As I do most Saturday nights, this past weekend I tuned into the Suze Orman show. While my finances are certainly not up to Suze’s standards yet, her show serves as a good reminder that I need to stay on top of my money so that I’m able to live a life of financial freedom.

At the end of Saturday’s episode, Suze discussed three things that stood in the way of creating personal wealth.

While many people would say that job prospects, education level, or financial literacy could make or break someone’s personal wealth, Suze listed three other—and more important—barriers to reaching the financial Promised Land.

So what were they?

The three things that keep us trapped are fear, shame, and anger.

In an interview with the site SelfGrowth.com Suze breaks it down even further:

“Fear, shame and anger are the three internal obstacles to wealth. Fear that you have credit card debt and you don’t know what you’re going to do. You get this paycheck that fear rises, and you rush out to buy something because you define yourself by the things that you are because you’re so afraid that somebody is going to find out that you have credit card debt. Shamed that you’re 45 years of age and don’t have a pot to pee in, and you don’t know what you want to be when you grow up so, you go out and spend money. Anger – because you’ve been in this marriage for 25 years and your husband just left you powerless, penniless; and you are going to get even at him. Emotions rule your actions when it comes to money.

“The problem is in the end when this is all over, there is not going to be one of us that is able to take a penny with us. We are all going to go out empty handed, including me. So, can somebody tell me what this is all about? True wealth is that which can never be diminished. To be truly wealthy, you not only have to understand what you have, but you have to understand who you are. When your self worth means equally as much to you as your net worth, then you have true financial freedom.”

I began thinking about Suze’s advice and how it can be applied to other areas of our lives.

I’ve written extensively about fear and how it keeps us trapped in lives we don’t particularly want to be in, but I have only briefly touched on shame, and haven’t even breached the subject of anger.

So let’s get into it, shall we?


Shame is defined as “a painful feeling of humiliation or distress caused by the consciousness of wrong or foolish behavior.” And while it may seem like shame doesn’t play a part in pursuing our goals, it does.

I don’t know about you, but in the past I felt ashamed at letting key opportunities slip through my fingers, I felt embarrassed for not keeping up with people that could have possibly helped my career (or friends who always had my back), and I’ve felt humiliated because of mistakes that I felt I was too smart to make.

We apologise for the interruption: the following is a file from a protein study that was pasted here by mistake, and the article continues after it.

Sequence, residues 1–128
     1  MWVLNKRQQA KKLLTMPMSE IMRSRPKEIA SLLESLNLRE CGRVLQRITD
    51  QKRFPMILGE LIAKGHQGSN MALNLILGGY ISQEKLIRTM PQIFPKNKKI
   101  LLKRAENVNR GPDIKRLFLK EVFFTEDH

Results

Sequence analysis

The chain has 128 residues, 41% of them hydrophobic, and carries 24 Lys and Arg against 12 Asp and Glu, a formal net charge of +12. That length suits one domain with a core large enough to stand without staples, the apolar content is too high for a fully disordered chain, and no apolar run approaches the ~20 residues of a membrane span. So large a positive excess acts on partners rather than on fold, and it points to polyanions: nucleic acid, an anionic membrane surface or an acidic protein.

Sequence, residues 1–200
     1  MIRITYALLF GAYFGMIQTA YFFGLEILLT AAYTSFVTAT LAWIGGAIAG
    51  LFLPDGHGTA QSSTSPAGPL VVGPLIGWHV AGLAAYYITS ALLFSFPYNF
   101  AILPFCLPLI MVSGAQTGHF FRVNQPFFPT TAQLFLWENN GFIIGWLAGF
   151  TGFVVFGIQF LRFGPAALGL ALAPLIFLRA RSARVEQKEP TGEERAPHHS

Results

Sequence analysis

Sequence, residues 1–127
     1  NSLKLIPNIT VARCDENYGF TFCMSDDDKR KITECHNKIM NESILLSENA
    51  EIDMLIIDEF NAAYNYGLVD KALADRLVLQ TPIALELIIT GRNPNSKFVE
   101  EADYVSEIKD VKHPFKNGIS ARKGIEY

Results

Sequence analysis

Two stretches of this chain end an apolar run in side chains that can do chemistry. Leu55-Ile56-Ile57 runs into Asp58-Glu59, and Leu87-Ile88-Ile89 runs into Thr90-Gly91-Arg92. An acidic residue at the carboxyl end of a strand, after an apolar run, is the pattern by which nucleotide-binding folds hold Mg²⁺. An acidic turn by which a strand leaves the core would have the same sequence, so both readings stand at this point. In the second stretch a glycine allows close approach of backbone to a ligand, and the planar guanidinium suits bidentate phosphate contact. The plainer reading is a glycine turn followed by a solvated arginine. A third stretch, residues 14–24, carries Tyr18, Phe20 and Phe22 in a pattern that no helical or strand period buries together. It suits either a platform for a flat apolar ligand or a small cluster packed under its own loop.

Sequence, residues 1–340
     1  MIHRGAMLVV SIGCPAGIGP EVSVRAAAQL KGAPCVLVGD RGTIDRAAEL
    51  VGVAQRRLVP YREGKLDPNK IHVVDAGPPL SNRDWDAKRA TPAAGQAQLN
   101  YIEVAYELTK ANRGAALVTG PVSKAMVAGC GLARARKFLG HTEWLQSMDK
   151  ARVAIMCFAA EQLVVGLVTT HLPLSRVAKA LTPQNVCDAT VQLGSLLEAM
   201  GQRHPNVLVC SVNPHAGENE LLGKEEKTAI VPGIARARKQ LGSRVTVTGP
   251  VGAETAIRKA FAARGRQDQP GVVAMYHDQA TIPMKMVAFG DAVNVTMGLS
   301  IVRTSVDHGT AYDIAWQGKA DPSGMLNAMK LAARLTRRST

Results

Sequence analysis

When I was 24 I got pregnant with my son. Despite being very grown and a semester away from finished grad school, I felt a deep sense of shame.

I wasn’t raised to get pregnant before I was married. I grew up being taught that having a baby came after the big white dress, and yet I found myself knocked up and scared. Instead of seeking support from my circle, I kept it to myself for months and failed to connect with people who could have actually helped me.

For a while my thesis advisor (the acclaimed novelist Sapphire) hated me because she thought I was flaky (it was morning sickness). My parents were worried because I dodged   their calls, and my boyfriend and I fought about what we were going to do.

While I was able to muddle through, the shame of being a single mom followed me and informed my decisions for years. Instead of trying to find a career I LOVED, I picked something safe so that I could do the responsible thing and provide for my son. And it was this sense of obligation (tinged with shame) that nearly kept me in the classroom when all I really wanted to do was write.

Thankfully, I broke out of it, and was able to pursue my dream, but it took a lot of work. And therapy.


Anger is a tricky emotion. Sometimes it can spur one’s ability to go for a goal, but it’s born out of the wrong reasons: payback, revenge, or proving a point.

But anger can also keep us trapped in old habits and negative behaviors.

Iyanla Vanzant teaches that anger is a manifestation of fear, and we already know that fear is the enemy of success. While it’s ok to be afraid of some things, too often we let our fears stop us dead in our tracks and keep us from pursuing our goals.

The same goes for anger. When we are angry, we are typically so consumed with that emotion that it’s hard to see straight, let alone live our lives in a fearless way.

Perhaps we are bound by our past hurts, angry with our self for the mistakes we have made, or pissed off at others for hurting us. Whatever the case may be, being perpetually angry robs us of our choices, and in many cases, our dreams.

As Ms. Vanzant told me over the summer, the root of our success is not outside of us—it is within.

Once we shake off the negative emotions that impede our progress, get clear with on what we really want, and believe we can actually achieve it, then nothing will stop us from building the life we desire.

Have fear, shame, and anger stood in your way?


*Originally published on BritniDanielle.com

Like Us On Facebook Follow Us On Twitter